And she has a very, very powerful and guttural voice. And just an extremely, extremely powerful stage presence. So she records dozens of records for international labels and just becomes an extremely popular singer of the time. And according to some people, even the most beloved female Moroccan singer of the time. And she also famously performs in the palace in Rabat, of the king, Muhammad the Fifth. And in this, she's actually part of a cohort of Jewish musicians across North Africa. This is kind of an interesting look into Jewish participation in social life. At the time when there are a lot of transformations happening, um, both around what was going on with Palestinian displacement and the foundation of Israel in 1948, and then anti-colonialism and Arab nationalism.And then independence from the French protectorate in Morocco in 1956. So with all of that, in 1962, um, Zohra like many and eventually most Moroccan Jews, uh, leaves Morocco, and she immigrated to Israel.
And she arrives to Ashkelon, which is a coastal city in the South of Israel with her third partner, Moshe Cohen. And they live together in a public housing apartment. Um, something that, you know, we might equate to kind of public housing projects in the United States. And she essentially experiences what many immigrants and particularly immigrants from the Arab and Muslim world, uh, who get kind of grouped together in this new social category of Mizrachi Jews, or Eastern Jews, she experiences this kind of cultural erasure. Uh, so you know, Arab music, whether it's Palestinian or Jewish, doesn't get played really on radio stations or recorded by, you know, the mainstream labels at the time. But she of course continues to be the kind of amazing artist that she is. And she performs as much as she can within the Moroccan community and even though she doesn't get the same acclaim that she had in Morocco, her story does begin to circulate and make an impact, especially on young Mizrahi artists. And in 1975 Algerian-born poet Erez Biton publishes a poem about El Fassia based on a visit that he paid to her apartment while he was working as a social worker.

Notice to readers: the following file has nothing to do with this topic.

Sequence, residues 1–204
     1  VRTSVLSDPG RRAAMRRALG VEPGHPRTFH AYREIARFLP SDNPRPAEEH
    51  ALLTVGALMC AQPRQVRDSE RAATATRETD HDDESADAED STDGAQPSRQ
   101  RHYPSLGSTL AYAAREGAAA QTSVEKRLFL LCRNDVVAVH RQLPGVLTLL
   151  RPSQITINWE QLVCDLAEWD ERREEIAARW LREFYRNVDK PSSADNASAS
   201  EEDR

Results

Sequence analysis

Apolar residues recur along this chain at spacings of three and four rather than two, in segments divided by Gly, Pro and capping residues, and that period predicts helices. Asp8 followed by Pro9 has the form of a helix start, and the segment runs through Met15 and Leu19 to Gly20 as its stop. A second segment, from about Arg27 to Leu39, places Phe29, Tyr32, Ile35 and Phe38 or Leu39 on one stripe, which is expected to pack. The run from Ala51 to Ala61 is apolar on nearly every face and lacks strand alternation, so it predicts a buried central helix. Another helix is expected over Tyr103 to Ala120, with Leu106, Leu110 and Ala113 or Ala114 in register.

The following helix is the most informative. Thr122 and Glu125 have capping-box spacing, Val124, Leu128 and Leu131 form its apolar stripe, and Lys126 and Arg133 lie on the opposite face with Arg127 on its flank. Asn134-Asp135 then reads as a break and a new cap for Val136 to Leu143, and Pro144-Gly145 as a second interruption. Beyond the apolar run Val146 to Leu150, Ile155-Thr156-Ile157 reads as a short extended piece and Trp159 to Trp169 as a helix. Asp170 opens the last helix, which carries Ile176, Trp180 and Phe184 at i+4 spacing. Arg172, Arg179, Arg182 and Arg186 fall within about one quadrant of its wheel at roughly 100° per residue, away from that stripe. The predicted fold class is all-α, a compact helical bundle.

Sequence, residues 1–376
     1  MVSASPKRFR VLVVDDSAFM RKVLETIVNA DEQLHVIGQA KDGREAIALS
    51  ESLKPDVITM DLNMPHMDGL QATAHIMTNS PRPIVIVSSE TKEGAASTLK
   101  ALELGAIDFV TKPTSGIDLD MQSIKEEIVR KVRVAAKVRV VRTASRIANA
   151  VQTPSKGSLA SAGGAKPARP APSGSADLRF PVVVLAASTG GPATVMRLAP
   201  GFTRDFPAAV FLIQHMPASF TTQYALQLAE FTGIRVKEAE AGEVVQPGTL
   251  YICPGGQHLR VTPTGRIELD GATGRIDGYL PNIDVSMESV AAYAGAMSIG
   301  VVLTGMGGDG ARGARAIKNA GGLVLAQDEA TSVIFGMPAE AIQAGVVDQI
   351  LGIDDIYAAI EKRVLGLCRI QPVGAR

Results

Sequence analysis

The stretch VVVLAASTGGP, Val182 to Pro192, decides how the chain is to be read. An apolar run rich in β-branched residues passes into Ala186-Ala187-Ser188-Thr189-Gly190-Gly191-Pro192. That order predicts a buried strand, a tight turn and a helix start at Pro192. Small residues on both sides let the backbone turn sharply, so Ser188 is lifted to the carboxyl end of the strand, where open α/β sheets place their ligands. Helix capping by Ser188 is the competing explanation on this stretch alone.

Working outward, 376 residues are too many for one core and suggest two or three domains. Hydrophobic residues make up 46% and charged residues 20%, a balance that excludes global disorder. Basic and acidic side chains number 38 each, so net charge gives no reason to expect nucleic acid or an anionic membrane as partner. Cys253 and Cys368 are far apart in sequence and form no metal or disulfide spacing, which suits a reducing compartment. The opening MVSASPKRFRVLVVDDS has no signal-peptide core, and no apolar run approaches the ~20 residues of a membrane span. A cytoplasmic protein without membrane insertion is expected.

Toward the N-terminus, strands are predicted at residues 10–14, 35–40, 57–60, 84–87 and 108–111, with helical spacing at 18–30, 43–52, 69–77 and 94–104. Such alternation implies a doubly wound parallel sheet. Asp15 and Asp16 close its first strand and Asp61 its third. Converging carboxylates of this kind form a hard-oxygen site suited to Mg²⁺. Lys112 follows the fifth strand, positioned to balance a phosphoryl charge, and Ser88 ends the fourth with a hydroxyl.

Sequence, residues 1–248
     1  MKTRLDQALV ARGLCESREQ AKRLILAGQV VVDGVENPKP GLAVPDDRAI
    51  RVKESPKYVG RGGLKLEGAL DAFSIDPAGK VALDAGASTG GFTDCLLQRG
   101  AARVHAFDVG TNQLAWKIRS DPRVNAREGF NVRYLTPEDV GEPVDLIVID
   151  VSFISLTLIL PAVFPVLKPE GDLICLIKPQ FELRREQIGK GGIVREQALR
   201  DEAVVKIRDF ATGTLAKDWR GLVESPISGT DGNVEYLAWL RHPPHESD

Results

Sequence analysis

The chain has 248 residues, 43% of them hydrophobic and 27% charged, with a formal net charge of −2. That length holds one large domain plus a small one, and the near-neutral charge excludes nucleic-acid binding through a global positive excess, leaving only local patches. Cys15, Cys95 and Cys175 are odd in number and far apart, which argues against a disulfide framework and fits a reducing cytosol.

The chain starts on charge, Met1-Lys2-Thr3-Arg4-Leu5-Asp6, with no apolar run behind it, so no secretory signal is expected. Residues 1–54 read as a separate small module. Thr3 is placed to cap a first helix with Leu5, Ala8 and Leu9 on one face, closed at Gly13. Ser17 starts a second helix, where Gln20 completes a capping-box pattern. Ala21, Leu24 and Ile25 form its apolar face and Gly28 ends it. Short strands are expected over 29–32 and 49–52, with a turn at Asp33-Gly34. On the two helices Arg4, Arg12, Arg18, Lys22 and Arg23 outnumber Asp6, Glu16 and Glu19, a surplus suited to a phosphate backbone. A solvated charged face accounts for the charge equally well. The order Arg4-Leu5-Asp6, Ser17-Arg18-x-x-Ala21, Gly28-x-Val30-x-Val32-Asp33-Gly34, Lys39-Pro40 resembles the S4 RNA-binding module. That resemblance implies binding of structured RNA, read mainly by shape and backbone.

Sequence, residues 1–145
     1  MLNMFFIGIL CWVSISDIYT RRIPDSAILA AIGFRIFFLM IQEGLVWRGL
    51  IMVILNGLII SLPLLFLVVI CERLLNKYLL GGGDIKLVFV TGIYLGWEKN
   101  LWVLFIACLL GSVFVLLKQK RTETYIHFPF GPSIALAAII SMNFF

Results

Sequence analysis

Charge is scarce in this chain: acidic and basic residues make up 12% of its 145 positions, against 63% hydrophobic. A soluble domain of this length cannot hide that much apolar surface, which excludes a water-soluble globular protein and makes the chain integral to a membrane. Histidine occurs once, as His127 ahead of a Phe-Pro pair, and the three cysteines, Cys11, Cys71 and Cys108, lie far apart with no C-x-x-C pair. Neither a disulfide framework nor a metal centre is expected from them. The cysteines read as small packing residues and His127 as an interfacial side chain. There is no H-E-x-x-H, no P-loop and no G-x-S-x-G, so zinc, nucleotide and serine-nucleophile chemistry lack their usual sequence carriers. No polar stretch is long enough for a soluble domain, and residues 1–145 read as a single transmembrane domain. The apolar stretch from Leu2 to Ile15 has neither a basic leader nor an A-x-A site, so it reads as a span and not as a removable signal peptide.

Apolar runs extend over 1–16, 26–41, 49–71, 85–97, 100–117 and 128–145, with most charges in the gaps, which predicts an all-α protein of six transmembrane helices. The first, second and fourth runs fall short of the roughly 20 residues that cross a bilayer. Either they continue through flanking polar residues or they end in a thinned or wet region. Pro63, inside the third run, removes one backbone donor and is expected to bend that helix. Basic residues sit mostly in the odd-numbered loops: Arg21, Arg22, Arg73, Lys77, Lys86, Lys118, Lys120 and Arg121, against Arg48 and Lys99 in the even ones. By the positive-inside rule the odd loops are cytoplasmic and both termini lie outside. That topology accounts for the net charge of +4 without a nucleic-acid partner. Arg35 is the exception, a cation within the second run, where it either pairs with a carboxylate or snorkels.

[Reading of a poem with an English voiceover]
Singer at Muhammad the Fifth’s court in Rabat, Morocco
They say when she sang,
soldiers fought with knives
to clear a path through the crowd
to touch the hem of her skirt
to kiss the tips of her toes
and leave her a piece of silver as a sign of thanks.
Zohra El Fassia
Now you can find her in Ashkelon
in the poor quarter of Atikot Gimel
by the welfare office—
the smell of leftover sardine tins on a wobbly three-legged table,
the stunning royal carpets
stained on the Jewish Agency cot—
She lingers for hours in a bathrobe
In front of the mirror
with cheap makeup.
And when she says:
"Mohammad the Fifth, Apple of our Eyes"
You don't really get it at first.
Zohra El Fassia's voice is hoarse
Her heart is clear
her eyes are full of love.
Zohra El Fassia
And in the wake of that poem, which kind of captures and dramatizes the transformation in her life, it generates what I kind of think of as this undercurrent of independent Mizrachi artists coming to visit her in her apartment to learn more about her story and receive inspiration from her.